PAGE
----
Machen was writing against Christians who wanted to cast aside the embarrassing parts of Christianity (such as belief in miracles) and keep “the essence” – Christianity’s moral precepts. What’s changed today it’s not the miracles that are embarrassing but the moral precepts! It’s our view of sexuality, of objective truth claims, of Christ’s uniqueness. There are plenty of Christians who think we can shed these “cultural oddities” and maintain the core of Christianity. They are wrong.
Luke: Fair enough! Thanks for your thoughts there, they are helpful! So let’s talk about your favorite theologians and authors. Who are they and why? I realize asking a fellow book lover this question is dangerous, but indulge me!
Trevin: That could take up the rest of the interview. I guess I should begin with the 3 Brits I’ve read a lot of – John Stott, N. T. Wright, and C. S. Lewis. I am always reading and rereading books from these three theologians. Stott for the breadth and balance in his theological vision. Wright for his insight into historical context and biblical theology. Lewis for his imaginative gifts and literary flair. Favorite authors would broaden the list to G.K. Chesterton, N.D. Wilson, Tim Keller, and then older authors / preachers like Chrysostom, Augustine, and Spurgeon.
Luke: Thanks, Trevin. We appreciate your time! One last question for you related to your book Counterfeit Gospels. In addition to purchasing the book, how can churches best integrate your thoughts on the gospel story, gospel announcement, and gospel community?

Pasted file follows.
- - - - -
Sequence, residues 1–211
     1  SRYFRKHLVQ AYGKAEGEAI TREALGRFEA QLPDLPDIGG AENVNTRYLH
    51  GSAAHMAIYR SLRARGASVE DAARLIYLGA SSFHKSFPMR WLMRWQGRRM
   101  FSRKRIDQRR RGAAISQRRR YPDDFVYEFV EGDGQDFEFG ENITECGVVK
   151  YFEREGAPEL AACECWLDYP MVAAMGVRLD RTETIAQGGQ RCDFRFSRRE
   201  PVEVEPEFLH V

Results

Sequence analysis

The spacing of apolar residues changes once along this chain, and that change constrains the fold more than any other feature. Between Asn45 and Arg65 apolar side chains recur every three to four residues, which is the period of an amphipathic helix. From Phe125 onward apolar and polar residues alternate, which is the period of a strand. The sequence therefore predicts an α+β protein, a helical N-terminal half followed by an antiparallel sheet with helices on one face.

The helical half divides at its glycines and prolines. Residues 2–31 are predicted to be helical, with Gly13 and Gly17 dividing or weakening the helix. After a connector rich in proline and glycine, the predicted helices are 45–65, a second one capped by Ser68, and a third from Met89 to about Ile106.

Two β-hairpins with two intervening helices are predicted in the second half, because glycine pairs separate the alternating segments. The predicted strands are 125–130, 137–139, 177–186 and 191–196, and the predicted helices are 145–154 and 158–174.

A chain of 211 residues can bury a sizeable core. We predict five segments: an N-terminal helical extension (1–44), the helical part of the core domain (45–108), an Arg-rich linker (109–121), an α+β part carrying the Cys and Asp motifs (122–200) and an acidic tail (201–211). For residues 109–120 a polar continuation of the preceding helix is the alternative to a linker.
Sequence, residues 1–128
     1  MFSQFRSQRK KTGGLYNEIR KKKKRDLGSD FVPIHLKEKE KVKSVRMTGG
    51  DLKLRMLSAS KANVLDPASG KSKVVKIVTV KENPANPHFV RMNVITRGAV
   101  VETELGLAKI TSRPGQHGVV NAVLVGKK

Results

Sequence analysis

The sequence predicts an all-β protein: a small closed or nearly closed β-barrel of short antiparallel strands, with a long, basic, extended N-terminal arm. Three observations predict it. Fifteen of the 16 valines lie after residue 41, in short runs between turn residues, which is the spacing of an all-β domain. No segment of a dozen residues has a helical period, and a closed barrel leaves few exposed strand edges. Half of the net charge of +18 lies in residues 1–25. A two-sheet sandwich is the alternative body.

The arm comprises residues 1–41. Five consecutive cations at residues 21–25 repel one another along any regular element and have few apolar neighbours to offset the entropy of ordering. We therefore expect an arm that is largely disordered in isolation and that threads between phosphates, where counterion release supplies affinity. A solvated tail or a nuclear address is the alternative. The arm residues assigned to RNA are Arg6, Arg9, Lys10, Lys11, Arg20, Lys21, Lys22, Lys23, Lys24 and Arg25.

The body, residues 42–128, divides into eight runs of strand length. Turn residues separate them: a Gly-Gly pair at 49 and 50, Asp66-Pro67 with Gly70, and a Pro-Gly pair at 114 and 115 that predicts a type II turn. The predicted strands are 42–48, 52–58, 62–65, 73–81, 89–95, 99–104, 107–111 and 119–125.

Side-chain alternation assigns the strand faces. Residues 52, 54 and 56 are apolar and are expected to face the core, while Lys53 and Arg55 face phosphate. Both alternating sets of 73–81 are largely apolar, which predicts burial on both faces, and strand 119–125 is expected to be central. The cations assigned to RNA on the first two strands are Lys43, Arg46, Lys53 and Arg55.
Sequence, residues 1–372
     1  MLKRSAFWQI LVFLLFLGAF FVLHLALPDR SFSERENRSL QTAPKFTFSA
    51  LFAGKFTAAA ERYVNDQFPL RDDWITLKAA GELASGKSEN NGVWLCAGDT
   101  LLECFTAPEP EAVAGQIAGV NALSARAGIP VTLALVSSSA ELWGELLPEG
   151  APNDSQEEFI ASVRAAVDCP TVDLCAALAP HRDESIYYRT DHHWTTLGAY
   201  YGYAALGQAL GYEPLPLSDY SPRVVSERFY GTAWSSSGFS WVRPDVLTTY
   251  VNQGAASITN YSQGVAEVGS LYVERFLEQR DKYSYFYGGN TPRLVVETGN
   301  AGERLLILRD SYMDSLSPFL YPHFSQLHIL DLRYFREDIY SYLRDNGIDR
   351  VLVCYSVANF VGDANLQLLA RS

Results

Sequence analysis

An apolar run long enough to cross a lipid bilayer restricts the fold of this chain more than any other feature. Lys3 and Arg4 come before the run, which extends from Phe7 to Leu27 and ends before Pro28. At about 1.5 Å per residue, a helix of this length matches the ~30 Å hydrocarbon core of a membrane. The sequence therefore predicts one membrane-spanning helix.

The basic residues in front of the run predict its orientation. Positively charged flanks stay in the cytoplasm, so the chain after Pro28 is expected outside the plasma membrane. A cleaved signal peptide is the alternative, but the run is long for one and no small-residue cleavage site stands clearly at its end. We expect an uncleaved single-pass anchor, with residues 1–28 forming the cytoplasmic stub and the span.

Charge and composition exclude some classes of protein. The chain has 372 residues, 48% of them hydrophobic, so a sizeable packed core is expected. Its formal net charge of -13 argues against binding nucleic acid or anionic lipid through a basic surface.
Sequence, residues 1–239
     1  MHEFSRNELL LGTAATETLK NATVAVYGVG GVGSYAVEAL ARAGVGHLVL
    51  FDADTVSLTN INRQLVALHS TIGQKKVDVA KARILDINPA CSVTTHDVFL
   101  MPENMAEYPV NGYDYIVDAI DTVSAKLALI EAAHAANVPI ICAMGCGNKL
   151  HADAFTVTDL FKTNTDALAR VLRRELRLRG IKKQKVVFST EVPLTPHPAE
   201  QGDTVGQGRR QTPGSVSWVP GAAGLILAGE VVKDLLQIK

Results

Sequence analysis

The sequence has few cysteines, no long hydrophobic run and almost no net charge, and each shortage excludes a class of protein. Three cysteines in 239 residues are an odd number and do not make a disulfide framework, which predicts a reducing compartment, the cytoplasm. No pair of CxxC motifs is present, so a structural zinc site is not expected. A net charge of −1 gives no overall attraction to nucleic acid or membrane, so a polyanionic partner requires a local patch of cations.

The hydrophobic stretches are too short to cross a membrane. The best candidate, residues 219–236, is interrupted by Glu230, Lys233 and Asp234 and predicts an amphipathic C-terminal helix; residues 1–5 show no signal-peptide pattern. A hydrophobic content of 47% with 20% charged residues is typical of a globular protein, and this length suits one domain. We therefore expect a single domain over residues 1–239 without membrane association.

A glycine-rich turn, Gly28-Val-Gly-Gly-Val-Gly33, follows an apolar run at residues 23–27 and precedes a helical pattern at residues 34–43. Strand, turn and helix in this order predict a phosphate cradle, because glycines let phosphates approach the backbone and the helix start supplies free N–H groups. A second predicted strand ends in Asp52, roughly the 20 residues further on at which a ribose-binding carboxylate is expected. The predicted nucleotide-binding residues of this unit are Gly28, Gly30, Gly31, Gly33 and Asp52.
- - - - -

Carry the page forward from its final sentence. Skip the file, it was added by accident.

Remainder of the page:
Trevin: That’s a great question that could lead to another book! In short, I’d say that Christians need to be formed by the whole Bible in their study. Read the Bible chronologically, read a Bible overview book at least once a year, be formed by the worldview displayed in the Bible. For the announcement, we should make sure that we are equipped to give the basic announcement of the gospel whenever we have the opportunity. I believe our gospel presentations should be tightly connected to an invitation into the church community as well, to show that these two things are connected. Salvation (individually) incorporates us into the Body of Christ (corporately). And of course, just being the church – loving, serving, doing good to all, especially the household of faith – is a great way to show the truth of the announcement and the unity we have in the gospel that shapes us.
Luke: Thanks for your time, Trevin. I really appreciate it. Thanks for your writing, both the blog and the books. They’ve been a blessing in my life and I know they’ve blessed a lot of other people too!
Anyone have any questions or thoughts for Trevin? Maybe he’ll take the time to stop by and respond. I’ll see if I can twist his arm, proverbially speaking.
Luke is a pastor-theologian living in northern California, serving as a co-lead pastor with his life, Dawn, at the Red Bluff Vineyard. Father of five amazing kids, when Luke isn’t hanging with his family, reading or writing theology, he moonlights as a fly fishing guide for Confluence Outfitters. He blogs regularly at LukeGeraty.com and regularly contributes to his YouTube channel.